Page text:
History. 1. Derinkuyu. Ancient Teeth Show 'Invasion' of Egypt 3,600 Years Ago Was No Invasion at All. The last slave ship survivor and her descendants identified. Texans You Should Know: How a Black Cowboy’s Discovery Changed the Field of Archaeology. On the evening of August 27, 1908, dark clouds gathered over the Dry Cimarron River along the New Mexico–Colorado border. Sarah Rooke, the phone operator in Folsom, New Mexico, called as many people as she could to warn them about the impending storm, but it wasn’t long before water began pouring from the sky and rushing through the town, wiping away entire buildings in its path.
More than a dozen lives, including Rooke’s, were lost in the flash flood that night. Snakestones: the myth, magic and science of ammonites. The archaeology of commoners. Until the past few decades, archaeology was all about the grand and the wealthy, focused on temples, palaces, and spectacular artifacts — think King Tut's tomb, or the great temples and palaces of the Mayan city of Tikal. Remarkable ‘Sewn’ Roman Shipwreck is Croatia’s Biggest Find of 21st Century. Croatia has an already rich archaeological heritage and now, experts have announced the recent discovery of a rare Roman shipwreck. Mummy of ancient Egyptian teenager, buried in fine jewelry, discovered in Luxor. Archeologists Find Long-Lost Biblical City and Rare Figurine of Canaanite God Baal Maya Murals: Stunning Images of King & Calendar. Maya Artwork. Lost Clan Campbell Seal Reveals Clues to Scottish Feud.
Here Are 8 of the Most Incredible Archaeological Finds of the Past Decade, From 'Spanish Stonehenge' to the 'Mona Lisa of Dinosaurs' Travel - The re-discovery of a long-lost Greek city. The Mysterious Pyramid of Bomarzo: Discovering The Etruscan’s Enigmatic Past. Treasure Chest Found in Egypt Reveals Clues to Thutmose II’s Lost Tomb. 3,500 Years Old Trinket Box From Ancient Egypt Discovered By Archaelogists. Travel - The re-discovery of a long-lost Greek city. Skeleton identified as Japanese American artist who left California internment camp. Mummy returns: Voice of 3,000-year-old Egyptian priest brought to life. Culture - Did the Trojan War actually happen? Elizabeth I revealed as secret scribe of historic manuscript. Rabbit hole leads to incredible 700-year-old Knights Templar cave complex. Road built by biblical villain uncovered in Jerusalem. Egypt expert praises ‘beautiful’ intact coffins discovered in Valley of Kings.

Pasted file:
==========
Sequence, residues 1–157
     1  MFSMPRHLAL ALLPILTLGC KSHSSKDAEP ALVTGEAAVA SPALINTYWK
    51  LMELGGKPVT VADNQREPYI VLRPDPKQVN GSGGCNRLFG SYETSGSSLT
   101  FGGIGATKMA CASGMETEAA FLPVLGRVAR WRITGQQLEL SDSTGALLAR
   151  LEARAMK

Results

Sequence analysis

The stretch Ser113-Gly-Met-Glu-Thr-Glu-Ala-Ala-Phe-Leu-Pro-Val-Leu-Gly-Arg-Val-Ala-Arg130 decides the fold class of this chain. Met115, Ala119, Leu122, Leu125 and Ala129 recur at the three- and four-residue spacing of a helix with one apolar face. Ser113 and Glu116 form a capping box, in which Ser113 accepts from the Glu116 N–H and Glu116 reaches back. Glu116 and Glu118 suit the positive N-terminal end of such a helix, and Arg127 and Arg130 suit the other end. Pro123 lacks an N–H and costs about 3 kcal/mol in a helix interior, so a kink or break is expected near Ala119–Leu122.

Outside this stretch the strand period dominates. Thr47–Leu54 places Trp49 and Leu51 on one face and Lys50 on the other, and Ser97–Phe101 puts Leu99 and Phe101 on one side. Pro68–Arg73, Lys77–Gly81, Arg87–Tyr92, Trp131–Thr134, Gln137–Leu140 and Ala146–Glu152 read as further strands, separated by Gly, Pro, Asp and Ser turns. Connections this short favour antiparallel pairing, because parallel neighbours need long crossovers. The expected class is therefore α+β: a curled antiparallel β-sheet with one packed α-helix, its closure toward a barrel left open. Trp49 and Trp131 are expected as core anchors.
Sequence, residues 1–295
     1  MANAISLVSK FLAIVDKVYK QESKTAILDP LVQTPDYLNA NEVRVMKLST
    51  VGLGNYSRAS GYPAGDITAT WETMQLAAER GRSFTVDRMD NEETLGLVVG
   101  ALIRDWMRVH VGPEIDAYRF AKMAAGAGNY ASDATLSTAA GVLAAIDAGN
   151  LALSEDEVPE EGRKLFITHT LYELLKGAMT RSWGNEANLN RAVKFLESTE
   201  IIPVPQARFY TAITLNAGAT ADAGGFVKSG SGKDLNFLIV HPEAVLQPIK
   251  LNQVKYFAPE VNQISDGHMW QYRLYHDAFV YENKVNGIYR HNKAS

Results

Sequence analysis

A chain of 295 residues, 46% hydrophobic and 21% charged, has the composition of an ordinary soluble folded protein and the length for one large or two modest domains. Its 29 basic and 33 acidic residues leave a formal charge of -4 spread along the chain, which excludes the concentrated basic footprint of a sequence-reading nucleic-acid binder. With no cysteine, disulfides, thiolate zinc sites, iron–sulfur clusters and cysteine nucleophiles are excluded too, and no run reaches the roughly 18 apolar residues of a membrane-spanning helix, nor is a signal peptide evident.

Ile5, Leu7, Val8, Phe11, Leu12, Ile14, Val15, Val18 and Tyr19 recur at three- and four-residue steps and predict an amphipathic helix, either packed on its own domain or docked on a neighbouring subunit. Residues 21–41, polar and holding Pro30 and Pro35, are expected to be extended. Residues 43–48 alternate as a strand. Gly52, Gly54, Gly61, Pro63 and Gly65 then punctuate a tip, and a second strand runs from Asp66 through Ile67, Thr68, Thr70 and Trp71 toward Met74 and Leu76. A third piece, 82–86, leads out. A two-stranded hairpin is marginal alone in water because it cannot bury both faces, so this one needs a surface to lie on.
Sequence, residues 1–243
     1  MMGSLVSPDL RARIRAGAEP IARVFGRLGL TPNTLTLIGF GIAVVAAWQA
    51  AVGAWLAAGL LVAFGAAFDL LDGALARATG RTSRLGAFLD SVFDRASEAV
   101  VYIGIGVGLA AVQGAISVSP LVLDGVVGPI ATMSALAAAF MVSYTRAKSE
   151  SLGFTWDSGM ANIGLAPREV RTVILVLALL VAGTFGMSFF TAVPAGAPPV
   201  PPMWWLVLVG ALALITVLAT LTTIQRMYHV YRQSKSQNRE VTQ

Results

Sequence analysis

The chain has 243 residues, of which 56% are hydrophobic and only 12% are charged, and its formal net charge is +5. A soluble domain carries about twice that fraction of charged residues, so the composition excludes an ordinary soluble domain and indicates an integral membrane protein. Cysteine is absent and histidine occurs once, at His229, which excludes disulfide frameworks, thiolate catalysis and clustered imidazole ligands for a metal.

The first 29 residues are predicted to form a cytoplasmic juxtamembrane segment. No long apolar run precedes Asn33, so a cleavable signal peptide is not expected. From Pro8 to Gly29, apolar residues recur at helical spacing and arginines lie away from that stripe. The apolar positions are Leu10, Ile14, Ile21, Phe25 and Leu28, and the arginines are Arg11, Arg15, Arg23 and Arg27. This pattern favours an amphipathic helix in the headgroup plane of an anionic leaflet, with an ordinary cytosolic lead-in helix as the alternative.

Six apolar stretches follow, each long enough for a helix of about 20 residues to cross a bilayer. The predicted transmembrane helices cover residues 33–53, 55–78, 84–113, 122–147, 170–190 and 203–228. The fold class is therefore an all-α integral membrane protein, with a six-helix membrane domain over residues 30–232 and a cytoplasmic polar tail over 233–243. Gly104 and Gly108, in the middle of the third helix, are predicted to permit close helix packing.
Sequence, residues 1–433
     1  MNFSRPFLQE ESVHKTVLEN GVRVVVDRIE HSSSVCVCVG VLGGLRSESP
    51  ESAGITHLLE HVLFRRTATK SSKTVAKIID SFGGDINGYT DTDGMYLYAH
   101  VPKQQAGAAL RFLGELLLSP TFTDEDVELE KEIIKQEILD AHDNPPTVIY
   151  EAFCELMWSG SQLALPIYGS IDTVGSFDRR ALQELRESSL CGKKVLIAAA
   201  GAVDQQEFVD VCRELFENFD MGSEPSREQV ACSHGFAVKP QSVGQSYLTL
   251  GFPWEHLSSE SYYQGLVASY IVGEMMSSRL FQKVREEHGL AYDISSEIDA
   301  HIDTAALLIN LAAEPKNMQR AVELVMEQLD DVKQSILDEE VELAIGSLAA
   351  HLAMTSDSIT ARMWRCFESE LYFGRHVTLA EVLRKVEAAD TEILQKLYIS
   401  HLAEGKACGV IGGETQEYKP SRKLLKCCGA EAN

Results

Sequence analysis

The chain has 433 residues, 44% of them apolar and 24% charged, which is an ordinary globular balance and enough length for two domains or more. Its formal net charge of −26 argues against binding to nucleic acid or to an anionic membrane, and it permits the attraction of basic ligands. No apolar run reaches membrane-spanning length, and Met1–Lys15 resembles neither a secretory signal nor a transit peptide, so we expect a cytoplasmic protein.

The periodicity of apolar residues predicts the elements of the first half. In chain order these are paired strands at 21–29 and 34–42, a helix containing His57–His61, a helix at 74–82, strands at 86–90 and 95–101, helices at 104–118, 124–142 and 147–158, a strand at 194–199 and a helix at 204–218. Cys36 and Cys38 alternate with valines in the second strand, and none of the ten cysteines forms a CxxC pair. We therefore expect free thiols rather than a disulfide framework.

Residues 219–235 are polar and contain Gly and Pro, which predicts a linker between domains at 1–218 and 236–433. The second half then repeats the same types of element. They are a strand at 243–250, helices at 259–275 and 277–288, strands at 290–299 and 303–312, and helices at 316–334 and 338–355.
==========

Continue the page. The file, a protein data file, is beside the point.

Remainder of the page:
An Eerie Egyptian Burial Has Been Found, With Nonsense Hieroglyphs on The Coffin. More Than 20 Ancient Egyptian Coffins in Pristine Condition Have Just Been Uncovered. Artifact. History. The New Treasures of Pompeii. World of the Griffin Warrior. Digging Deeper into Pompeii’s Past. History. History. Clotilda, 'last American slave ship,' discovered in Alabama. History. History. Life in a Busy Oasis. A Hidden Underground Chamber Has Been Found in The Palace of Emperor Nero. A Warrior-Prince's Elaborate Tomb Was Excavated Near London. Here's What Was Inside. Ever Wonder Why Egyptian Sculptures Are Missing Their Noses? The Answer Will Surprise You.
Brain Candy. History. Culture - Leonardo da Vinci’s lost masterpieces. History. We Totally Missed Most of The Plastic Pollution in The Ocean, Study Reveals. Brain Candy. Brain Candy. Why Edward VIII Abdicated the Throne to Marry Wallis Simpson. Did Alexander the Great Arrange His Father’s Murder? - HISTORY. Why Native Americans Have Protested Mt. Rushmore. When Native Americans Briefly Won Back Their Land. Why Thomas Jefferson's Anti-Slavery Passage Was Removed from the Declaration of Independence - HISTORY.
How Literacy Became a Powerful Weapon in the Fight to End Slavery. New Research Suggests Alexander Hamilton Was a Slave Owner. The Forgotten Story of the U.S. Navy’s First Black Officers. A Ship of Jewish Refugees Was Refused US Landing in 1939. This Was Their Fate. The Underground Spaces Where Drinking While Female Was a Radical Act. Why Friday the 13th Spelled Doom for the Knights Templar. Did Cleopatra Really Die by Snake Bite? - The Washington Post. The Mysterious Deaths of 6 Historical Figures. When W. E. B. Du Bois Made a Laughingstock of a White Supremacist. Japan Approves Groundbreaking Experiment Bringing Human-Animal Hybrids to Term.
History. History. History. History. History. History. History. America's Forgotten Mass Imprisonment of Women Believed to Be Sexually Immoral. History. History. History. Brain Candy. Navajo Code Talkers: Zonnie Gorman. 6 Black Heroes of the Civil War. The Native American Government That Inspired the US Constitution. 12 Influential Native American Leaders.